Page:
Once again, borders become personal. In the previous blogs posts, I discussed the borders that partitioned Plum Island, Massachusetts. By exploring the archival documents, I stitched together an image of a divided sandbar, sliced up by the boundaries of private/public property. While this process mirrors the systematic division that has redrawn many New England communities throughout the centuries, Plum Island is unique in that it is emblematic of a human habitation where borders are sustained and destroyed by both economic and natural tides. In my previous dissections of Plum Island’s commodified territories, I focused on several elements that best illustrated this divisive process. There are many more stories and battles for property that shaped this barrier Island.
I will take a break from narrating these historical facts and focus on a personal matter. In this post, I will lay bare the process through which I have been interpolated into the surrounding borderlands. I have lived on the Island for the past eight months. My body, ethnicity and identity have become part of its fragmented terrain. To illustrate this personal case study, I conducted a series of rebellious/artistic acts on Plum Island and the city of Newburyport. Borders don’t only separate us from the other, they also cross our skin, turning us into the aliens of our own identity.
You Have an Accent
The events that brought me to live on Plum Island can only be described as a process of reverse gentrification. As stated in a previous blog, the exorbitant cost of living in Boston lead my partner and I to leave a community where we were acting as agents of gentrification. We previously lived in Dorchester, the largest and most populous neighborhood in Boston. We moved there in search of a place where we could live as working graduate students. In doing so, we entered a community where we were viewed as affluent invaders. Dorchester is the “New World” of Boston real estate. We were the beginning of the end, soon to be followed by exorbitant rentals and the influx of a wealthy (and mostly white) population. Those rent prices drove us away, in search of the cheapest place to live in commuting distance of Boston. That was how we found Plum Island and a winter rental that was cheaper than any apartment in the greater Boston area.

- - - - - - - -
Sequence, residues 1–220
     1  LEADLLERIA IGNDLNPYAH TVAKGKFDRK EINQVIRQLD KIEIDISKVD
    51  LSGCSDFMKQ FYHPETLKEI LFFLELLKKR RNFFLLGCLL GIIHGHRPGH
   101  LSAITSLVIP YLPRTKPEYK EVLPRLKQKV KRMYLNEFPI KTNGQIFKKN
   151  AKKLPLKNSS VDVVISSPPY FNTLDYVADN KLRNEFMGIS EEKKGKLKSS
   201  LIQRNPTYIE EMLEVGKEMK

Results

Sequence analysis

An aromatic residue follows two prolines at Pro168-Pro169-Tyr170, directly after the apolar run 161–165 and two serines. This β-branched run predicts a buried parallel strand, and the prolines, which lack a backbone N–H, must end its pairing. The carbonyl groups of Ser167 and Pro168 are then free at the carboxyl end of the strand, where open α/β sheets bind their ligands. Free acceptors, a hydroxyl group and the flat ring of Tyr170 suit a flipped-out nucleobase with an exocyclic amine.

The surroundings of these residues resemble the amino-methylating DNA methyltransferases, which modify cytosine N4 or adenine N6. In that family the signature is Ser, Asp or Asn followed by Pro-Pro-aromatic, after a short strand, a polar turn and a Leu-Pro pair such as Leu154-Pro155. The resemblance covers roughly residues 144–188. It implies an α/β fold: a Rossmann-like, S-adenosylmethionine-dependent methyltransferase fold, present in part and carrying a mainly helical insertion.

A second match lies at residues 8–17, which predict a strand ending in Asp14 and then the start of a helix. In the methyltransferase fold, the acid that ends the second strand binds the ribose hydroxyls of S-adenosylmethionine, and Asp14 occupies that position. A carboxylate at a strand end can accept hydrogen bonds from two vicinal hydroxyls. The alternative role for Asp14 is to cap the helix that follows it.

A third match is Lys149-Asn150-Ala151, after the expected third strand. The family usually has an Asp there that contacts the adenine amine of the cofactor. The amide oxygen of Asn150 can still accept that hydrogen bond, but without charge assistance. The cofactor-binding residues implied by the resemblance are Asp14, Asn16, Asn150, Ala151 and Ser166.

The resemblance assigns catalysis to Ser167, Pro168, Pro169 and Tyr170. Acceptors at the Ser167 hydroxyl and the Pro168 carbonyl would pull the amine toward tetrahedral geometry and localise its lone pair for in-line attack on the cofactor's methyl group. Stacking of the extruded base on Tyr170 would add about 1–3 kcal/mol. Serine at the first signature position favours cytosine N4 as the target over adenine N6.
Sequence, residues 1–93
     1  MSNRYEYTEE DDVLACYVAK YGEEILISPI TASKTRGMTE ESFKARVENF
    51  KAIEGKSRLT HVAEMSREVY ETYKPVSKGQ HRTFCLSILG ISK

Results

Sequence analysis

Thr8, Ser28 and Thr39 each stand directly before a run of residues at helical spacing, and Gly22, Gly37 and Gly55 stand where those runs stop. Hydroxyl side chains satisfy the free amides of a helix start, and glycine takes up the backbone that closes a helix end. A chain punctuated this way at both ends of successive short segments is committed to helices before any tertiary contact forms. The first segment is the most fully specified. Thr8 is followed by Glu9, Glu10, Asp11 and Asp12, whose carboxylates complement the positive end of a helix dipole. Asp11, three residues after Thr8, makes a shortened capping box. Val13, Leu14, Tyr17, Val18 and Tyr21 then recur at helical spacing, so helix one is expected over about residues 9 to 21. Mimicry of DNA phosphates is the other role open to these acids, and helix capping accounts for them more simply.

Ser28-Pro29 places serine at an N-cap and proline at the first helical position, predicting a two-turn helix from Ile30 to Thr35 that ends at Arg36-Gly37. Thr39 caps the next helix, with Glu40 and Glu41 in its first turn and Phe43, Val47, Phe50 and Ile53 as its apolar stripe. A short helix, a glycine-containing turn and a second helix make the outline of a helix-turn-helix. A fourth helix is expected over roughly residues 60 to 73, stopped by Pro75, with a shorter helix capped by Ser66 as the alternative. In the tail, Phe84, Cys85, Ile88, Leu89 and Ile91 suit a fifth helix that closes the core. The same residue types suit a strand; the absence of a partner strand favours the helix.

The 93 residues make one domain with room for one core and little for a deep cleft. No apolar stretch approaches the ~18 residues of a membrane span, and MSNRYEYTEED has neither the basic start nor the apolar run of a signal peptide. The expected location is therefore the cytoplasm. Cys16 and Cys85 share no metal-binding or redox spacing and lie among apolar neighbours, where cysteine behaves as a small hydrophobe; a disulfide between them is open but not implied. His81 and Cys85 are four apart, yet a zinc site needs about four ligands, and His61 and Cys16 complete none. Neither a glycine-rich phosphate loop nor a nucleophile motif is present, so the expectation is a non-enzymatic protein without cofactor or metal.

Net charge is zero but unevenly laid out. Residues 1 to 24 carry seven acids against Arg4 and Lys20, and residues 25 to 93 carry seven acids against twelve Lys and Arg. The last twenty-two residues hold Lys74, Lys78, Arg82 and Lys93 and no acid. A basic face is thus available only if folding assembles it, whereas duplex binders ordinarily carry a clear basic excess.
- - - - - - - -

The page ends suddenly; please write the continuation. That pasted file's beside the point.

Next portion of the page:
Commuting from Plum Island to Boston soon proved to be unbearable. We were stranded on the Island, an island which for centuries has given refuge to shipwrecked sailors. I quit my NGO job in Boston and I started working in a bread store in downtown Newburyport. My job was to slice, smile and hand out luxury bread to wealthy customers. It was here, at my place of employment, that my name and my ethnicity underwent the violent process of border projection.
At first, I was labelled with a mandatory name tag. It read “Tzintzun.” Thus began the marathon of explaining the origin and ethnicity of my name. The label read other, an exotic price tag. Their first thought was that I was Asian. They couldn’t believe I was Mexican. My customers were primarily white New Englanders. My name served as a mask, a mask where they projected both their fears and pleasant fantasies of Mexico. I soon stopped wearing my name tag. Then my accent gave me away, my white mask already fooling most of our customers. “You have an accent, where are you from?” became a mantra that was repeated throughout the day. “Oh, you are Mexican. Don’t worry, I don’t agree with Trump. I like Mexicans.” I started lying, make up boring stories about my origins. They kept asking about my name. I kept explaining. They kept masking. I kept lying. Personal borderlines can cut deep, the scars unfading.
Split Mexican Signifier